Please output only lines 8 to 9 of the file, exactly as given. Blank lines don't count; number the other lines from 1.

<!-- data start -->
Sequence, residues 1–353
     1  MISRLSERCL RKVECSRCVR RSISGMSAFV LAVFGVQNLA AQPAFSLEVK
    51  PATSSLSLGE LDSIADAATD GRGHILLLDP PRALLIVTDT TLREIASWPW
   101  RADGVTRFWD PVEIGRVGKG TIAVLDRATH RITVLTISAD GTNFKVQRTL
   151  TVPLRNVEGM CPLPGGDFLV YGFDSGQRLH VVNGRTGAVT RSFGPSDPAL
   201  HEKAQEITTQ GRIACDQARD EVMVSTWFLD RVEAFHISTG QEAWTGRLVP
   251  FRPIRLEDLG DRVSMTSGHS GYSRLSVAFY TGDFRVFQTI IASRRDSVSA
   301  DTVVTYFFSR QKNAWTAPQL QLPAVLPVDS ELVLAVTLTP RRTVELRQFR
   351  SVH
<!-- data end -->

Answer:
   301  DTVVTYFFSR QKNAWTAPQL QLPAVLPVDS ELVLAVTLTP RRTVELRQFR
   351  SVH